Army Ready to Support Families of Extended Soldiers
By Sgt. Sara Wood, USA
American Forces Press Service
WASHINGTON, Oct. 2, 2006 Families of the 1st Brigade, 1st Armored Division, are not happy about the unit’s 46-day extension in Iraq, but they are accepting it well and the Army has many systems in place to support them while their loved ones are deployed, the unit’s rear detachment commander said today.
“The families don’t particularly like it, but they have understood all along that this was a possibility,” said Army Maj. Tony Perry, commander of the 1st Brigade, 1st Armored Division’s Task Force Ready. “The families also realize the importance of supporting their soldier and the mission they are performing downrange.”
The announcement of the unit’s extension, which came Sept. 25, was made early enough for the soldiers and their families to prepare, Perry said. The unit was scheduled to redeploy in mid-January and now will begin that redeployment in late February.
The Army has several systems in place to support the deployed soldiers’ family members, Perry said. Army Community Services has provided the unit with family life consultants -- trained civilian counselors whose primary function is to talk with people and refer them to the appropriate services throughout the deployment, he said. Army Community Services also has provided a first-class “Community Yellow Room” to allow spouses to communicate with their loved ones via webcams, computers and faxes.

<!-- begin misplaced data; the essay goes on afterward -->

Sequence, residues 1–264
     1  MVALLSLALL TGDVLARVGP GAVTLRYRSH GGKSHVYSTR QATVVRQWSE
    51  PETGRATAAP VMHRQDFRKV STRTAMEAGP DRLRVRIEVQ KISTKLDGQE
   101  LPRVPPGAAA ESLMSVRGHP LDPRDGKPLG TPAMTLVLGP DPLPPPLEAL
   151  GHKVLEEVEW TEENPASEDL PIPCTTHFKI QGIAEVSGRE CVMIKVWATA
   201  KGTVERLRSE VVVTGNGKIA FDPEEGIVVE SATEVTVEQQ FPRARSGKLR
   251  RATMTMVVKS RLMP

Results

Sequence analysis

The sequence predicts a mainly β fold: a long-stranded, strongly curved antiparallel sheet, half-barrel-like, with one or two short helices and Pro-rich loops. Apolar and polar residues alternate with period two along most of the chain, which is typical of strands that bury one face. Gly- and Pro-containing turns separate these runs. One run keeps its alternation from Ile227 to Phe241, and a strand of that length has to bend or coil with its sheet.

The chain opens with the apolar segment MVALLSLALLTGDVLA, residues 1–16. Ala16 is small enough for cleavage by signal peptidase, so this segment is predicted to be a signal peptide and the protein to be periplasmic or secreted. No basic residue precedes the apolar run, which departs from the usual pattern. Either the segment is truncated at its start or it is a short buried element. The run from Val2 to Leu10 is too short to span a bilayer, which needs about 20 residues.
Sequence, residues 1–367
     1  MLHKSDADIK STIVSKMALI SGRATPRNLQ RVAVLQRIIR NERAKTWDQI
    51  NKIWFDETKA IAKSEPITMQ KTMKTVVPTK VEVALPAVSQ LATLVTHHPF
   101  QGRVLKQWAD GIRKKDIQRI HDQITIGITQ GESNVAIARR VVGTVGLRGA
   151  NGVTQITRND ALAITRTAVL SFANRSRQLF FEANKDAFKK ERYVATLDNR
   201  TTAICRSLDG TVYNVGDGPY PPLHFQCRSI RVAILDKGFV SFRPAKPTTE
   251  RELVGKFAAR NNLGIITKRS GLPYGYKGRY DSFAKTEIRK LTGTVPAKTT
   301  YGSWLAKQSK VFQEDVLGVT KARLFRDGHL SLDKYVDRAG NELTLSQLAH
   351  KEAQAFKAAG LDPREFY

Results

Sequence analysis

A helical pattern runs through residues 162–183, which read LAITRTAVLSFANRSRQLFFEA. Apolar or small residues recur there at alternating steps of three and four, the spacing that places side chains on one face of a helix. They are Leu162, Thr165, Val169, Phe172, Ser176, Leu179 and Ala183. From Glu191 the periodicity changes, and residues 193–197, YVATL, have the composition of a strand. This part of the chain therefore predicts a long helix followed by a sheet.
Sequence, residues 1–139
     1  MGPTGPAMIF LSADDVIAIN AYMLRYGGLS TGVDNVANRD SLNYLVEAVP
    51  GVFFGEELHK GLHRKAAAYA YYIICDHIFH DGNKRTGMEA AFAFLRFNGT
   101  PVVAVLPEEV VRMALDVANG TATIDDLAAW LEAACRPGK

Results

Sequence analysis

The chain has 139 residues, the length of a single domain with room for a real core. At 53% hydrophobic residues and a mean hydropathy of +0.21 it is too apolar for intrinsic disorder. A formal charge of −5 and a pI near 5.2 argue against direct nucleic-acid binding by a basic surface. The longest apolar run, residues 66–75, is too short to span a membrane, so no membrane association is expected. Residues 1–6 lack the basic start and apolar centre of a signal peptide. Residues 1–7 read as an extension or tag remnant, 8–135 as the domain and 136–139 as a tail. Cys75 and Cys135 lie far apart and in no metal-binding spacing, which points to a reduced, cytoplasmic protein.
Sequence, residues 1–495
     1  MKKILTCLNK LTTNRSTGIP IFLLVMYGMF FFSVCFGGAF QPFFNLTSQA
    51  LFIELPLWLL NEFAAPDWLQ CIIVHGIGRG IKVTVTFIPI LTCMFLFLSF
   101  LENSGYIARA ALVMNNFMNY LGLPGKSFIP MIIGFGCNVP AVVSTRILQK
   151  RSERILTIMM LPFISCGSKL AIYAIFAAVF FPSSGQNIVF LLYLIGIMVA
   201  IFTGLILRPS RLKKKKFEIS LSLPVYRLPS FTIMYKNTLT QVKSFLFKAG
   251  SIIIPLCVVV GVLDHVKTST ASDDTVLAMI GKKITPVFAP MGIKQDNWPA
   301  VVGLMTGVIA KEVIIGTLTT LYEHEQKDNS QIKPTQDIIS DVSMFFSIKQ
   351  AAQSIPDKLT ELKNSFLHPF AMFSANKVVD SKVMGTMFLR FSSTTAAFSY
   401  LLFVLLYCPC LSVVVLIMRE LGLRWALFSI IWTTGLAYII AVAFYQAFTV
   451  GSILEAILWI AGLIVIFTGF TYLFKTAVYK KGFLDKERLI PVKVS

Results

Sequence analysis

The 1st Brigade also has a combat operation stress team, a group of mental health professionals tasked to support soldiers and family members, Perry said. A counselor is assigned to each of the battalions, he added.
The unit has strong Family Readiness Groups that have done a great job of supporting the soldiers’ families, Perry said. In addition, family readiness support assistants at each battalion and brigade level assist the rear detachment leadership by coordinating family readiness resources and helping to plan family support operations.
For troops scheduled to attend a school or change their assignments, dates can easily be changed due to the extension, Perry said. Because the announcement came early, he said, he doesn’t think any families had already made travel arrangements for vacations or moves that will be affected by the extension.
The unit’s extension is unfortunate for the family members who were eager to see their loved ones again, but it’s important to remember is that any deployment can be changed due to the tactical situation on the ground and the needs of the commanders, Perry said. The good news about this extension is that the 1st Brigade Combat Team, 3rd Infantry Division, based in Fort Stewart, Ga., will get to complete its one year of “dwell time” -- time in the United States -- before deploying again in January, he said.
“My command message to our Family Readiness Groups and families is that we are ‘keeping our game faces on,’” he said. “We will continue to conduct business as usual in order to maintain stability and predictability.”